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Over The Horizon

Wild Apples Resistant

Wild apples from Kazakhstan may hold the key to better apple varieties for New Zealand.

HortResearch scientist Vincent Bus is seaching through apple varieties from around the world looking for genes conferring resistance to apple pests and diseases. Thousands of seeds from old apple varieties and crab apples have been grown and tested for resistance, mainly to black spot, but also for other problems such as fire blight, powdery mildew and woolly apple aphid.

Crab apples carry genes that confer immunity and, because there usually is only one gene involved, it is easy to use them for breeding. Some have been imported via France and the US, but most have their origins in Russia, China or Japan.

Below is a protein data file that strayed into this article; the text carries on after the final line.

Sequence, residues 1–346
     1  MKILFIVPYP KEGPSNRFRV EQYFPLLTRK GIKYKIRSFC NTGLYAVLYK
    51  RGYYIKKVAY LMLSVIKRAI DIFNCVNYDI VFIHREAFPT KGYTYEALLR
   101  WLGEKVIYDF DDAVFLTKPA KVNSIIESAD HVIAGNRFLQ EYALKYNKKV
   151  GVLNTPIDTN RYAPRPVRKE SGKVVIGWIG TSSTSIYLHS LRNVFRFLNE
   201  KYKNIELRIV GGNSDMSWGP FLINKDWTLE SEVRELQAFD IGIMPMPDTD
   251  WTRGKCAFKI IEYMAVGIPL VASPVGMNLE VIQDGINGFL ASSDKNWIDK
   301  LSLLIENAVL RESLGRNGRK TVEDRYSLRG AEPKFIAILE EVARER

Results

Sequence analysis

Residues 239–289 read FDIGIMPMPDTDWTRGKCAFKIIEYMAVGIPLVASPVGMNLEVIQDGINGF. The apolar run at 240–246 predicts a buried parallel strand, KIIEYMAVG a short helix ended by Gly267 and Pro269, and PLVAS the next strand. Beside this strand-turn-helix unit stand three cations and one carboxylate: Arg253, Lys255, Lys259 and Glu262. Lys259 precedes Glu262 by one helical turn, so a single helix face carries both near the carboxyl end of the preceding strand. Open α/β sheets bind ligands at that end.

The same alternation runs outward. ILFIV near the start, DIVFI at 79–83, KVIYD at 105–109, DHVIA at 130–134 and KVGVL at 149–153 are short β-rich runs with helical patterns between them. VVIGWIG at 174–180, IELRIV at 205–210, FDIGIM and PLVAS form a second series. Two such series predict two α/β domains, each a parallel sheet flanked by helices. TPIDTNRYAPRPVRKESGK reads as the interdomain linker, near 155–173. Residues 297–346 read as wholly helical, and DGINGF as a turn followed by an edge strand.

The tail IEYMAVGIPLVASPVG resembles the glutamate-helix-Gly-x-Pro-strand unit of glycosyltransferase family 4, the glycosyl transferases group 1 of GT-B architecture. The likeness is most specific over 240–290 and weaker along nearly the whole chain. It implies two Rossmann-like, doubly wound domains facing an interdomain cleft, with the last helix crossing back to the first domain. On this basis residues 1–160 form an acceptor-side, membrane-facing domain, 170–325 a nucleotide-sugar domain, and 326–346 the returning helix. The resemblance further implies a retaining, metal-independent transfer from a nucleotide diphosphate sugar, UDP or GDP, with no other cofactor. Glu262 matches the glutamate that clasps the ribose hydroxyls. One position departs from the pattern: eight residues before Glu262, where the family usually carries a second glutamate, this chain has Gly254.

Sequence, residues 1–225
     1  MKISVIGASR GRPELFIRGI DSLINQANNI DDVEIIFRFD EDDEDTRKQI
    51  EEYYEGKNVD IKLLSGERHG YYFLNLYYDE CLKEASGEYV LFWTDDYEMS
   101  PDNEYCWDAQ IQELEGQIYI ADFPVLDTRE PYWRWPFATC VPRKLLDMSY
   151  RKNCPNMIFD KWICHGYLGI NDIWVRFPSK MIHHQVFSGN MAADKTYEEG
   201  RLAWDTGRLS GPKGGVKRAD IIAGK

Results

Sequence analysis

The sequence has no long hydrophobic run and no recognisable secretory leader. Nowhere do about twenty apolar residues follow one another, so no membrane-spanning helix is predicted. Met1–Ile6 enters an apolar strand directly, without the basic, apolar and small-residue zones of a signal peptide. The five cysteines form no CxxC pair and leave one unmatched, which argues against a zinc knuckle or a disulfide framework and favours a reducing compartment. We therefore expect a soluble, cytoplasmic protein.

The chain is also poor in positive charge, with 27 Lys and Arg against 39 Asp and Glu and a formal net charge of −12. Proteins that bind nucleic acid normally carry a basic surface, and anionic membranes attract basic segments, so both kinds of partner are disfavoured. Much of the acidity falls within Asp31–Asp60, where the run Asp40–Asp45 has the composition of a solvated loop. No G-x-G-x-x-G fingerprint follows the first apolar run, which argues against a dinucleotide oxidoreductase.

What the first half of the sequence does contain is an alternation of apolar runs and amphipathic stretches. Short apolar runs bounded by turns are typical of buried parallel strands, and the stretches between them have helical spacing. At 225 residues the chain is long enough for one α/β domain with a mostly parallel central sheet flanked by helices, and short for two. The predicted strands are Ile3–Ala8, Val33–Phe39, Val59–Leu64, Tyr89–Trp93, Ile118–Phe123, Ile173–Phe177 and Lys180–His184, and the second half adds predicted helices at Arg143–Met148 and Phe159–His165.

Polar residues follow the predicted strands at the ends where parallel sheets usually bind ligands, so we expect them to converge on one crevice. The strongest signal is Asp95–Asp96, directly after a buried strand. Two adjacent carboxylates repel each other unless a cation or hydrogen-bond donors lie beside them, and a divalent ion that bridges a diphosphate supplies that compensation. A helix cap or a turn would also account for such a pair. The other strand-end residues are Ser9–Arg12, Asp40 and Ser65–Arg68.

Eating apples are believed to have originated in Kazakhstan. HortResearch has material gathered from there during expeditions in the mid-1990s. Plants grown from seeds collected in 1993 are starting to fruit now and have already provided a number of new sources for resistance.

Of the 2,500 seed from the 1995 and 1996 Kazakhstan expeditions, about 25% have shown resistance to black spot.

Using the Kazakhstan material has major advantages. The fruit is already large and has a fair eating quality. Preliminary information shows that some of these accessions already have 3-4 resistance genes to black spot.

"The whole theme of my breeding programme is to bring different types of resistances together. There are eight or nine known major resistance genes to black spot to date, and the idea is to put different types together and make a more durable resistance," says Bus.

"It would then be a lot harder for black spot to overcome that resistance. By bringing different types of resistance together into one variety, we effectively have several weapons in one to fight disease," he says.

The next stage is to put that resistance into popular commercial varieties.